A dog killed by a coyote -- the fifth one in that many months -- has urging residents to take extra precautions when letting their family pets outside.
The most recent incident took place on June 6 when a Mountain Laurel Road resident let her beagle outside and found it dead in her front yard shortly after, Animal Control Officer Paul Miller said. The dog suffered injuries consistent with a coyote attack, he noted.
According to a release Miller provided, this is the fifth such attack in that area of town in the last five months. The other incidents have taken place on:
- Hillbrook Lane
- Lindamir Lane
- Richard Place
- Galloping Hill Road (2)
While the deadly coyote attacks reported have been in that area, Miller said the need for extra vigilance and precaution applies to all residents.
"They're opportunity feeders," he said of coyotes, noting that they can smell a food source from as far as a mile away. “That’s all they’re thinking about is food, food, food.”
And apparently they'll eat just about anything. One was reportedly eating candy that a kid had dropped on Summerset Road, Miller said.
While the presence of coyotes is nothing new for Fairfield, the number of attacks is something Miller said he hasn't seen a while. As such, he said pet owners should take a few steps to ensure the safety of their animals.
- Go out with them, especially at night
- Keep them on a leash
The reasoning behind these tips: no dogs have been attacked when a human was present, Miller said.
The rise in attacks being reported could be related to the fact that coyotes have pups during this time of year and mom is teaching them how to hunt. Eastern coyotes, the ones in our area, can grow to about 50 pounds, but look bigger with their fur coat, Miller said.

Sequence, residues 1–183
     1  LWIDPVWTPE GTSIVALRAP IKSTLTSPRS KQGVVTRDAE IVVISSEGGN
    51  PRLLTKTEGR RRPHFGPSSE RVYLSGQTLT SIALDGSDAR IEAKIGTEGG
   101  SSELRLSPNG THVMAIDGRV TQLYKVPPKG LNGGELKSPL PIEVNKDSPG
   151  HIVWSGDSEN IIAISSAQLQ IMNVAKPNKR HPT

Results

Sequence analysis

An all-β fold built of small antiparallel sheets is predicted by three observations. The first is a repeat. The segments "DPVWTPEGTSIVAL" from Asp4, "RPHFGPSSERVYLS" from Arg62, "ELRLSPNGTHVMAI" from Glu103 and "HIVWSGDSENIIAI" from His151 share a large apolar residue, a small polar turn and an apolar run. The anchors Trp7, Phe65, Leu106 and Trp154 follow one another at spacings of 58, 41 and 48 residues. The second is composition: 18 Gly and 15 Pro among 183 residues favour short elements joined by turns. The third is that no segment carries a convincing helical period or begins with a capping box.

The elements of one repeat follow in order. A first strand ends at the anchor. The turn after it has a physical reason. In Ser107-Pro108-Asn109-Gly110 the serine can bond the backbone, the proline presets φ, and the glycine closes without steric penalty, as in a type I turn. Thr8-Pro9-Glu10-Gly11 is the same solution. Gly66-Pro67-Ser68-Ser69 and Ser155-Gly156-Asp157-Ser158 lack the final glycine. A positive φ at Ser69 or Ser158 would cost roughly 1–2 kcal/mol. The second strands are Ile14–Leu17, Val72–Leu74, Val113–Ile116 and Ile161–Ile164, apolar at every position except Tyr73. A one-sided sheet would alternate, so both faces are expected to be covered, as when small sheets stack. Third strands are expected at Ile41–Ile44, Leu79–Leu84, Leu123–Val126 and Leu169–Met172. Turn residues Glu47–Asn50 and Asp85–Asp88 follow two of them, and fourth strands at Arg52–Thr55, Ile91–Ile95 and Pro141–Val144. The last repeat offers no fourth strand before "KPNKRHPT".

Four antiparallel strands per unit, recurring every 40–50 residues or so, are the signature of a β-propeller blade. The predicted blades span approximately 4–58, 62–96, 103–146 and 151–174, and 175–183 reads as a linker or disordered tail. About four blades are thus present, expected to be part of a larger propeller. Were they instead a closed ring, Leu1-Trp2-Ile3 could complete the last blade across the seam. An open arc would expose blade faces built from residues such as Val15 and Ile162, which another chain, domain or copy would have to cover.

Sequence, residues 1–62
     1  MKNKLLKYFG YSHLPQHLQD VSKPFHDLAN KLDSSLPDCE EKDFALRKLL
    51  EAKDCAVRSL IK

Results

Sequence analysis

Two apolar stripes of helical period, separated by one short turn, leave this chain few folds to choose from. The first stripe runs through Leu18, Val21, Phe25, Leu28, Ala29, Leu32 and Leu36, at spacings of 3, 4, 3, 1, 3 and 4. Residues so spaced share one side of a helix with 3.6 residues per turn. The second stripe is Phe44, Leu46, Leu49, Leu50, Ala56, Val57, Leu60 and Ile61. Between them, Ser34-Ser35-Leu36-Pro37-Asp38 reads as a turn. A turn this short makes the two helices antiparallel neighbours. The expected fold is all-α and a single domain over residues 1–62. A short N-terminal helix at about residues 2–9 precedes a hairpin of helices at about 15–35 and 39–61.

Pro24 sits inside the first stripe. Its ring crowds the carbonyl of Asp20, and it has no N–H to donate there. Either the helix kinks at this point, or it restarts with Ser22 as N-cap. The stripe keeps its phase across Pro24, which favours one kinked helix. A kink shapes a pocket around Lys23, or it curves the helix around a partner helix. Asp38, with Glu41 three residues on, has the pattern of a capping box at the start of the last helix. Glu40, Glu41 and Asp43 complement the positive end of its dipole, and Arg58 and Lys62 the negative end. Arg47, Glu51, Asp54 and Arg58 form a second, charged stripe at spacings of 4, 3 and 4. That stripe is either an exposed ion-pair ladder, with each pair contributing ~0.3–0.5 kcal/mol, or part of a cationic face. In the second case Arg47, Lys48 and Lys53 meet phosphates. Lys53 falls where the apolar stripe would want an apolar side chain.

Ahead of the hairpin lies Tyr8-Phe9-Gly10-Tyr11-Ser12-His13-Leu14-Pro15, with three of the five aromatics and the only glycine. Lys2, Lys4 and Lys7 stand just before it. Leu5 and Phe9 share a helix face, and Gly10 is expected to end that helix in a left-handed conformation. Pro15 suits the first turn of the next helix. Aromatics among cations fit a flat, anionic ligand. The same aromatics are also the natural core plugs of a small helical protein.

What's the Town Doing? What Can You Do?
Because of the frequency of the attacks, Animal Control has been in contact with the state Department of Enery and Environmental Protection's Wildlife Division to discuss options to deal with the coyotes. “Right now it’s still a fact finding thing,” Miller said.
The DEEP does regulate some hunting and trapping of coyotes in serious situations. "It’s one of the conversations we’re having,” Miller said, stressing that those talks are in the early stages and all options are still on the table.
Further, he said, removing coyotes from one area would likely lead others to fill in that space, due to the territorial nature of the animal.
In the meantime, the best thing residents can do, Miller stressed, is to supervise their pets when letting them outside and to report any sightings in which they feel threatened to Fairfield Police by calling 203-254-4800. Animal Control's website also has additional information about coyotes.
What do you think the town and state should do?